Bike lights are a misstep in the right direction

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Cartoon by Liz Coffee.

Cartoon by Liz Coffee.

Come Jan. 1 some cyclists who break the law by not having a bike light will be given a free pass. A partnership between Chico Velo Foundation, a nonprofit organization, and the Chico Police Department may be giving violators a free bike light in addition to the $100 to $150 fix-it ticket.

While we commend the Chico Velo Foundation for promoting bike safety across town, people who break the law shouldn’t be rewarded. This initiative is a step toward improving the bike safety situation but it might be in the wrong direction and it is certainly too small.

The foundation will supply law enforcement officers with bike lights to give to lawbreakers at their discretion. The program is partially aimed at aiding low-income cyclists if they are pulled over by an officer that chooses to participate in the program.

We support the idea of an independent group taking practical steps to solve an issue but the concern with this plan is it puts authorities in a position where they are supporting reckless behavior.

It would be great to see organizations like Velo promoting preventive measures, independently distributing lights to riders via their own means. Law enforcement is slim enough without having to be distracted by an increased focus on pulling over unlit cyclists.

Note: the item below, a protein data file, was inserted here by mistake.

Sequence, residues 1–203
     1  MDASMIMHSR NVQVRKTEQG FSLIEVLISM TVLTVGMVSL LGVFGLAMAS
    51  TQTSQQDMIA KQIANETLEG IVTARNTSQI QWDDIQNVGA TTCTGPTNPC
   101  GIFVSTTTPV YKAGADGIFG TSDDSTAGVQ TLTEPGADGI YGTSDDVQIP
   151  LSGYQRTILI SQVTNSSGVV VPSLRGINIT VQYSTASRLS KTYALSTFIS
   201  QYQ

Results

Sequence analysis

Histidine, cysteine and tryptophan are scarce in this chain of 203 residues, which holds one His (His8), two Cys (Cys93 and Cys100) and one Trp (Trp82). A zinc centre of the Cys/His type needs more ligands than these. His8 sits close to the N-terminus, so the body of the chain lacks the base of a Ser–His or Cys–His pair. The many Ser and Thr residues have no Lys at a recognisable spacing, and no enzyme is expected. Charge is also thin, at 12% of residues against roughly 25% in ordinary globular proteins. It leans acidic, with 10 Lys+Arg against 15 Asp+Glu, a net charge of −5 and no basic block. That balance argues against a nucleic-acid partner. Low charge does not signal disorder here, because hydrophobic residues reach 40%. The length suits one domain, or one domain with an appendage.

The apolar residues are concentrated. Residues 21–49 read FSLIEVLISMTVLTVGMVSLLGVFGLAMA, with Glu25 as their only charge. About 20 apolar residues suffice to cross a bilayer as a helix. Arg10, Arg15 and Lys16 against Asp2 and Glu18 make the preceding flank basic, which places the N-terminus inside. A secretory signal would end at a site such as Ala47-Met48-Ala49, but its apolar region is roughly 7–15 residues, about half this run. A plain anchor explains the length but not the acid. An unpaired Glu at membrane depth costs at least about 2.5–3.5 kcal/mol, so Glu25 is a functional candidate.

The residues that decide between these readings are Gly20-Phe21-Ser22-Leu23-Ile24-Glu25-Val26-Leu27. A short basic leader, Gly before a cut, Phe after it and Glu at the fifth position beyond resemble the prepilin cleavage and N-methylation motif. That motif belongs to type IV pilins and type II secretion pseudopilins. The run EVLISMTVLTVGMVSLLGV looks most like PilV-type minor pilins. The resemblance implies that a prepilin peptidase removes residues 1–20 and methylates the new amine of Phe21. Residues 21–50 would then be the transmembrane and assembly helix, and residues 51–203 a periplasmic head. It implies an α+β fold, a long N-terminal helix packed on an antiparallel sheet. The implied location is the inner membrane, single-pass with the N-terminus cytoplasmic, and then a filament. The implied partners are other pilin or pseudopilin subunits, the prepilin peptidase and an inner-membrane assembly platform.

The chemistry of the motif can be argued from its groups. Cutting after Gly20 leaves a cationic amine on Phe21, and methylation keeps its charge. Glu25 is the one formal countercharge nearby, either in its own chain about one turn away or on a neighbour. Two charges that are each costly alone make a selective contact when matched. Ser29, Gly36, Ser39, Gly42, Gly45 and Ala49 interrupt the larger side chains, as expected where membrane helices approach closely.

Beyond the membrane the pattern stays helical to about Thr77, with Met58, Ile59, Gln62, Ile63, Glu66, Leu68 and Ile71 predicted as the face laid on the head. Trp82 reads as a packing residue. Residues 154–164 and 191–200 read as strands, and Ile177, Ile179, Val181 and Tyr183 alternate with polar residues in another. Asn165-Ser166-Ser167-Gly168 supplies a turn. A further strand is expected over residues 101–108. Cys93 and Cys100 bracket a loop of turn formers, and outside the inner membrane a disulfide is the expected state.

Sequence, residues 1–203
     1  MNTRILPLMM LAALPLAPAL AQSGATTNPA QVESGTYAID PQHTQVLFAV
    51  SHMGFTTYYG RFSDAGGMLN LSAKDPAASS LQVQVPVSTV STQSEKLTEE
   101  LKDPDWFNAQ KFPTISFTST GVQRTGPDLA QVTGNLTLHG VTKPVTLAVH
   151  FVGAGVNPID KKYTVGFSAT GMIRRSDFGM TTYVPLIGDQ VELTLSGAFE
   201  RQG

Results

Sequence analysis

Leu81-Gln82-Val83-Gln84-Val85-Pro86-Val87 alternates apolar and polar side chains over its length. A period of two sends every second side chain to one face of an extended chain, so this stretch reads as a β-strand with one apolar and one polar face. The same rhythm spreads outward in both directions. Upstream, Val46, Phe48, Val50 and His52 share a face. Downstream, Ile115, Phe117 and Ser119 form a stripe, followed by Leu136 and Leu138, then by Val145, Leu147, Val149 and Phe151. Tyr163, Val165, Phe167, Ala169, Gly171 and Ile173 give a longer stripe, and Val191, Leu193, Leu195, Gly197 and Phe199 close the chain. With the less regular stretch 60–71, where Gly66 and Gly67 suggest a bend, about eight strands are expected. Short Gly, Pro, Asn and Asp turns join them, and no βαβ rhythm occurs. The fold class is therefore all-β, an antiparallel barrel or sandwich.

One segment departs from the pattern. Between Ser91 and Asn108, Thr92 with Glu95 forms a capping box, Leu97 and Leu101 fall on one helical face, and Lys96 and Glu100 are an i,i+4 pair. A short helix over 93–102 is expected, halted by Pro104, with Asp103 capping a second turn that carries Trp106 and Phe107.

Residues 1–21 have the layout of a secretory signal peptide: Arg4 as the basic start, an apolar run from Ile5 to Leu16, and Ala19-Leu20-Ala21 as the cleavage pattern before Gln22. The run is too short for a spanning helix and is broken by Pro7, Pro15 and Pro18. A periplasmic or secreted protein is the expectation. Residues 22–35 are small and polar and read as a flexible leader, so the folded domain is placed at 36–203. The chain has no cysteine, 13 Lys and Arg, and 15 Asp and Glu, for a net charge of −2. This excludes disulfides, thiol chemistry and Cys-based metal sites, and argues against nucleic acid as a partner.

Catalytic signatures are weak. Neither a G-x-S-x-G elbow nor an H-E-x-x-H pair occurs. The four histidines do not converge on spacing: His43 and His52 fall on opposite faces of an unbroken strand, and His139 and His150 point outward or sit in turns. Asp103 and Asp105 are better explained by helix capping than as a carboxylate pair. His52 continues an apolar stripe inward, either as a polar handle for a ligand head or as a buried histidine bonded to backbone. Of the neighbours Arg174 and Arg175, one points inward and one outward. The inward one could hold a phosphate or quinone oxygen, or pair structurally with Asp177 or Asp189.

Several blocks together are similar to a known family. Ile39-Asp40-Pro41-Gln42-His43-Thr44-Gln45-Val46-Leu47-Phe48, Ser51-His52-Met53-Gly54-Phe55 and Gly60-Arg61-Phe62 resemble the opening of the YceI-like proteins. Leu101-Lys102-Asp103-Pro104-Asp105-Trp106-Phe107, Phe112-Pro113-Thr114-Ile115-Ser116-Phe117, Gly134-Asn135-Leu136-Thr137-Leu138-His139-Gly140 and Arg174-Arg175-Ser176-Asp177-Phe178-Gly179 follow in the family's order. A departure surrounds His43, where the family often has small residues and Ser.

Chico needs reforms that affect the community as a whole instead of targeting a minority. While the new campaign was born from recent cyclists’ deaths, it is not a substantial preventive measure in protecting cyclists.

The community has long suggested changes like more street lights, wider roads and education efforts.  Private organizations and the city should focus on what the community wants.

Bike safety is a big issue in Chico and will likely always be. Cyclists are partially to blame, notorious for blowing past stop signs and lights, ignoring bike safety laws.

Bicyclists need to be better educated about bike safety and aware of the laws of the road like the motorists they share the road with.

Velo’s new initiative does not help a serious problem. It is a slap on the wrist when cyclists need to take responsibility for their own safety when they choose to ride, even if this means harsh penalties when they break the law.

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